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Abdominal Problems

Stomach Flu and Food Poisoning

Prevention - Home Treatment - When to Call a Health Professional

Stomach flu and food poisoning are different ailments with different causes. However, many people confuse the two because the symptoms are so similar. Most people who get food poisoning attribute their symptoms of nausea, vomiting, diarrhea, and stomach pain to a sudden case of stomach flu, and vice versa.

Stomach flu is usually caused by a viral infection in the digestive system. To prevent stomach flu, you must avoid contact with the virus, which is not always easy to do.

Food poisoning is usually caused by a toxin produced by bacteria in food that is not handled or stored properly. Bacteria can grow rapidly when certain foods, especially meats, dairy products, and sauces, are not handled properly during preparation or are kept at temperatures between 4° and 60°C (40° and 140°F).

Suspect food poisoning when symptoms are shared by others who ate the same food, or after eating unrefrigerated foods. Symptoms of food poisoning may begin as soon as 1 or 2 hours or as long as 48 hours after eating. Nausea, vomiting, and diarrhea may last from 12 to 48 hours for common food poisoning.

Botulism is a rare but often fatal type of food poisoning. It is generally caused by improper home canning methods for low-acid foods like beans and corn. Bacteria that survive the canning process may grow and produce toxin in the jar. Symptoms include blurred or double vision and difficulty swallowing or breathing.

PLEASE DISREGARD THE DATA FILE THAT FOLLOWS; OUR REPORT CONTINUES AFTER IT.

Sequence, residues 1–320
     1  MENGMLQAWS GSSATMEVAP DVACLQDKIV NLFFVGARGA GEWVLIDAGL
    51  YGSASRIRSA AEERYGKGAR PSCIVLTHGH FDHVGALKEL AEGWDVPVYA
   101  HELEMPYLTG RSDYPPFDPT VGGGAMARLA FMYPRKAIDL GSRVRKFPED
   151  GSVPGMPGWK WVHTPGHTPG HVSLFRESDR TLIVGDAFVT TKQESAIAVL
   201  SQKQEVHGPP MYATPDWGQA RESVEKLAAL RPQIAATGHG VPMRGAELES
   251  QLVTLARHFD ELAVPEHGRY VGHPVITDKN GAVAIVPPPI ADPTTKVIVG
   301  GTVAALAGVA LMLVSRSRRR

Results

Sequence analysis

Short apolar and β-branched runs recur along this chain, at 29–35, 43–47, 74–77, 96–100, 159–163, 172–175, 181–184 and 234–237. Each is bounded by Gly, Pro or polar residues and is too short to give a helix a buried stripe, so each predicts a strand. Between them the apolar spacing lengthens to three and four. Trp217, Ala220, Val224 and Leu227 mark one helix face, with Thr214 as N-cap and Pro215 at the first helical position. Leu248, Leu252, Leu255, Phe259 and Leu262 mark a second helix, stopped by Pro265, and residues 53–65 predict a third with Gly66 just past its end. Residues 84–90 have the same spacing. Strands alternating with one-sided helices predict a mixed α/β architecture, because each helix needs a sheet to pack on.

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To prevent food poisoning:

  • Keep hot foods hot and cold foods cold.

  • Don't eat meat, dressings, salads, or other foods that have been kept for more than 2 hours between 4° and 60°C (40° and 140°F).

  • Use a thermometer to check your refrigerator. It should be between 0° and 4°C (34° and 40°F).

  • Defrost meats in the refrigerator or microwave, not on the kitchen counter.

  • Keep your kitchen clean. Wash your hands, cutting boards, and counter tops frequently. After handling raw meats, especially chicken, wash your hands and utensils before preparing other foods.

  • Cook hamburger until it is well done. Cook chicken until the juices run clear.

  • Do not eat raw eggs or uncooked sauces made with raw eggs.

  • Discard any cans or jars with bulging lids or leaks.

  • Follow home canning and freezing instructions carefully. Contact your provincial Ministry of Agriculture for advice.

Home Treatment

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  • Viral stomach flu and food poisoning will usually go away within 24 to 48 hours. Good home care can speed recovery. For adults and children age 4 and older, see Nausea and Vomiting on See Nausea and Vomiting and Diarrhea on See Diarrhea. For children younger than 4, See Diarrhea and Vomiting.

  • Watch for and treat early signs of dehydration (See Dehydration). Older adults and young children can quickly become dehydrated from diarrhea and vomiting.

When to Call a Health Professional

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  • If vomiting lasts longer than 1 day in an adult.

  • If severe diarrhea (large, loose stools every 1 to 2 hours) lasts longer than 2 days in an adult.

  • If signs of severe dehydration develop. See Dehydration.

  • If you suspect food poisoning from a canned food or have symptoms of botulism (blurred or double vision, difficulty swallowing or breathing). If you still have a sample of the food you suspect caused your symptoms, take it to the doctor for testing.

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